Copyright Helena P. Schrader
A lame schoolmaster, an ambitious officer, and a grieving widow find their fates interwoven as the Messenian revolt threatens to destroy a Sparta.
Sparta is losing the war. The Spartan army cannot cope with guerrilla warfare, and the Messenians have struck right in the heart of the city. Mourning the deaths of hundreds of children, the Spartans send to the Oracle at Delphi for advice. They are told to let the Athenians select their supreme commander.
The Athenians have no interest in a Spartan victory. They appoint Tyrtaios, a lame schoolmaster from Attica with no military experience. Tyrtaios is a reclusive poet and everything he has ever heard about Sparta makes it the last place on earth he wants to be — but he isn’t given a choice.
The Spartan officer Agesandros is outraged by the “joke” Athens has played on Sparta, but he is a “New Citizen” — and his sister is married to a helot. Despite his military successes, his social position is fragile, while his resentment makes him his own worst enemy.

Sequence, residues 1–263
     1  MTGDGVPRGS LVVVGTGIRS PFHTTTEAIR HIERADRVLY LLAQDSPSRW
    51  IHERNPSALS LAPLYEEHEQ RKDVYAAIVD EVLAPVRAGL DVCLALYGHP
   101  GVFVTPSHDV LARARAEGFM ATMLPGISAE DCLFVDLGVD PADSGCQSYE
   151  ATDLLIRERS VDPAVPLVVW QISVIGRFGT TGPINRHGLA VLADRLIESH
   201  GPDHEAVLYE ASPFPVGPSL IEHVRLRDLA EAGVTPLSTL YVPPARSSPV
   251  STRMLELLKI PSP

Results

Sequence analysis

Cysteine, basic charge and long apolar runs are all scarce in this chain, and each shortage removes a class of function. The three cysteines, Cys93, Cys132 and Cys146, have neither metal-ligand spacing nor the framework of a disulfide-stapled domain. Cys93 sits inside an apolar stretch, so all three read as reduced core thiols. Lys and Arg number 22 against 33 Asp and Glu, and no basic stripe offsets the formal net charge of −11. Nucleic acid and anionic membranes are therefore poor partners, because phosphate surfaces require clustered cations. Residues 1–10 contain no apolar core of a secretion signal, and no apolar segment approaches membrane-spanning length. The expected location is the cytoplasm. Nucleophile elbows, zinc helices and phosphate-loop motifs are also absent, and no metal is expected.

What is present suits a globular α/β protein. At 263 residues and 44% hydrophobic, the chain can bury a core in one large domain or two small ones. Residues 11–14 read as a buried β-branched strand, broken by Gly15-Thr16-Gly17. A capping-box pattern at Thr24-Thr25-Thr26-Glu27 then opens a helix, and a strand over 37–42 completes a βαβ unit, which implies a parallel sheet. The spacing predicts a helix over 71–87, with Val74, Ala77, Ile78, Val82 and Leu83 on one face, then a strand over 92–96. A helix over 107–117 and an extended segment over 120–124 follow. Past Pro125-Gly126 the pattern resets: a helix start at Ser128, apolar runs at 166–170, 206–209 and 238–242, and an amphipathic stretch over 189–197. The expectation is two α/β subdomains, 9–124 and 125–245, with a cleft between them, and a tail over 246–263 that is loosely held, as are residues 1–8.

The widow Alethea, daughter of a Spartan nobleman, has resisted remarriage for more than a decade. When the Messenians burn down part of her farm and kill half her helots, her eldest son runs away from the agoge to “protect” her. This act of disobedience, however, puts his citizenship at risk. Alethea recognizes she has failed her sons, but her options are limited and time is running out.
Based on an incident recorded in Herodotus, A Song for Sparta tells the remarkable story of Sparta’s struggle with Messenia in the 7th century BC through the eyes of three different narrators. The Messenian Wars were the transformative event that shaped Spartan society for the next four hundred years.